All reviews all the time! Home   Movies   Music   Video Games
4 DVDs 49 cents each!  |  Rent Dvds- Free Trial  |  Buy Movie Posters  

 Search Amazon
  Browse Movies 

 Browse by Genre 

 Other Movie/Video Review

movie reviewmovie review out of 4 Movie Review: Spartacus

Starring: Kirk Douglas, Laurence Olivier
Director: Stanley Kubrick
Rated: PG-13
RunTime: 196 Minutes
Release Date: October 1960
Genres: Classic, Action, Drama

*Also starring: Jean Simmons, Tony Curtis, Charles Laughton, Peter Ustinov, John Gavin, Nina Foch, Herbert Lom, John Ireland, Charles McGraw

Review by Brian Koller
2½ stars out of 4

"Spartacus" is a historical drama that takes place in Italy in the first century B.C. Kirk Douglas stars as the title character, an escaped slave who leads an army of slaves against the Roman army. The lengthy, expensive epic was directed by Stanley Kubrick and adapted from the Howard Fast novel.

"Spartacus" is very loosely based on a true story. Douglas is trained to be a gladiator by Marcellus (Charles McGraw) at a facility owned by Batiatus (Peter Ustinov), where Douglas falls for servant Varinia (Jean Simmons). In due time, Douglas leads a revolt and takes the complex, then raids the countryside building an army of slaves, among them "singer of songs" Antoninus (Tony Curtis).

Back in Rome, the politicians and generals discuss how to deal with Spartacus. These include would-be dictator Crassus (Laurence Olivier) and generous schemer Gracchus (Charles Laughton).

"Spartacus" is a good movie. The cinematography is impressive, and the cast of extras rivals "The Ten Commandments" for sheer size. While far from Kubrick's best work, the film is well directed. Douglas, Olivier, Laughton and Ustinov are entertaining and well-cast. When grimacing Douglas dunks McGraw's head in a hot bowl of soup, you will be cheering for him.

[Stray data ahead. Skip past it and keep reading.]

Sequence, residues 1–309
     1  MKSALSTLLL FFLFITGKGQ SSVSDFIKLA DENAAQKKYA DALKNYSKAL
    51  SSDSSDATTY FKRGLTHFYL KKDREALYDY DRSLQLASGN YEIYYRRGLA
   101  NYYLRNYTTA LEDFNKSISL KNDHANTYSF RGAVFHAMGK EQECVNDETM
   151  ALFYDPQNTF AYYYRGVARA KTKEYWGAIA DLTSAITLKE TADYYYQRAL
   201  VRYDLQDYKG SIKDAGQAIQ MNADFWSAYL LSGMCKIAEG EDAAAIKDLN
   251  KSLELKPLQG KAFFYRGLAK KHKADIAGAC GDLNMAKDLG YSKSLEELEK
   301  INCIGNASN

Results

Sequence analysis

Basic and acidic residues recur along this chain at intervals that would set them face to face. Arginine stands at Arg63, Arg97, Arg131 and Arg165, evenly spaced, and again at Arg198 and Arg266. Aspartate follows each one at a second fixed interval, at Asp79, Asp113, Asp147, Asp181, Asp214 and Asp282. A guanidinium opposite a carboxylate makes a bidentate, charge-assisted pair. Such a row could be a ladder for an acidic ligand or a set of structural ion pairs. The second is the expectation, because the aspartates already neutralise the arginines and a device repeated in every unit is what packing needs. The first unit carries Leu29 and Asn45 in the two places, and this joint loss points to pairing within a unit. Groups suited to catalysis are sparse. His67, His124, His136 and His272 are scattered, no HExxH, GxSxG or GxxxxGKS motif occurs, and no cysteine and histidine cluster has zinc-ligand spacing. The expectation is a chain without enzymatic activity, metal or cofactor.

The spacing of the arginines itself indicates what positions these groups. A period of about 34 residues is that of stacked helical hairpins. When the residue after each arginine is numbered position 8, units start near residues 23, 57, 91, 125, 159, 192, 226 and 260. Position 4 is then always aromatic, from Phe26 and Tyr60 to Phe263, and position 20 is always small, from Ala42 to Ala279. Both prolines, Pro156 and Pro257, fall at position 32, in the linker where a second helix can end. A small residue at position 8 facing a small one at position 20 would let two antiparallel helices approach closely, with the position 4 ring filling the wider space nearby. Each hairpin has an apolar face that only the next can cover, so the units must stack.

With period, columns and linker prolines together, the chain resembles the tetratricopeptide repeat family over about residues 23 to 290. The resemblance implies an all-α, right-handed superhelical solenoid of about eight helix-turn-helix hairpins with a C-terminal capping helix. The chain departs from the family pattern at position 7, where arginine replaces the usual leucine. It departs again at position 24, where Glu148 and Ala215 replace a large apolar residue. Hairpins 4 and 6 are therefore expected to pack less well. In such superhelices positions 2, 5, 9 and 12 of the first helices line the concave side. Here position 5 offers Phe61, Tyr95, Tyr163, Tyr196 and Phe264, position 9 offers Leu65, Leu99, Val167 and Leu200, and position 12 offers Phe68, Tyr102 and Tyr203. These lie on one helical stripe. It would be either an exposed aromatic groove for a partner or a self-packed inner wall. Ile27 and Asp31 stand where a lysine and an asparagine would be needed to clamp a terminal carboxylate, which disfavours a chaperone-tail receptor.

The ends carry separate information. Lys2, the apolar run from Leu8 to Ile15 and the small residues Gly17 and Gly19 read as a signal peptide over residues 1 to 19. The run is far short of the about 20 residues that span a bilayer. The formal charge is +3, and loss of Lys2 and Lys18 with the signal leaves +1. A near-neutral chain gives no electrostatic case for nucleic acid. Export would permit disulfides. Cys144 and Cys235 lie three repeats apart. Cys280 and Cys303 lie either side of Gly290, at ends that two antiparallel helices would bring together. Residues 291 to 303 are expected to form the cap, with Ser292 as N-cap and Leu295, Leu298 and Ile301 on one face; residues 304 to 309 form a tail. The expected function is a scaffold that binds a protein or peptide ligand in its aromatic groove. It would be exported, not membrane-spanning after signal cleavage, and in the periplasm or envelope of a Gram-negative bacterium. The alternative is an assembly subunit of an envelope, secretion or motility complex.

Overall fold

But "Spartacus" is not as good as its reputation. First of all, the action sometimes drags, especially during the romantic scenes. While the Romans are given witty and sophisticated dialogue, the slaves aren't as fortunate. Stone-faced, sexually ambivalent Curtis has to deliver lines like "It could be argued so, master." Douglas and Simmons actually have the exchange:

Douglas: "Oh, Varinia, Don't make me weak". Simmons: "You're strong enough to be weak." (several melodramatic lines later) Douglas: "Oh, Varinia, Varinia, Varinia."

The Romans are portrayed as either brutally repressive or morally corrupt. The slaves, in contrast, are gentle and noble, with strong family units. The consistency of these opposing depictions reduces the credibility of the film. The plot also has some needless and unlikely plot twists towards the end, involving Simmons and Douglas.

Douglas produced "Spartacus", replacing Anthony Mann with Kubrick after they had an argument. Douglas and Kubrick had previously worked together on the superior "Paths of Glory". Kubrick disliked the script but was stuck with it. Much of the footage never saw the theatre, and wasn't restored until 1991. "Spartacus" won the Golden Globe award for Best Picture. Tellingly, the Academy didn't nominate "Spartacus" for Best Picture, but it did award Oscars for Cinematography (Russell Metty), Sets and Costumes, and Best Supporting Actor (Ustinov).

Copyright 1998 Brian Koller

More reviews:    Main  2  3   Next >>
buy dvd

buy video

read the reviews

In Affiliation with
Buy movie posters!

Home | Movies | Music | Video Games | Songs | | | Columbia House | Netflix

Copyright 1998-2002
Privacy Policy |  Advertising Info |  Contact Us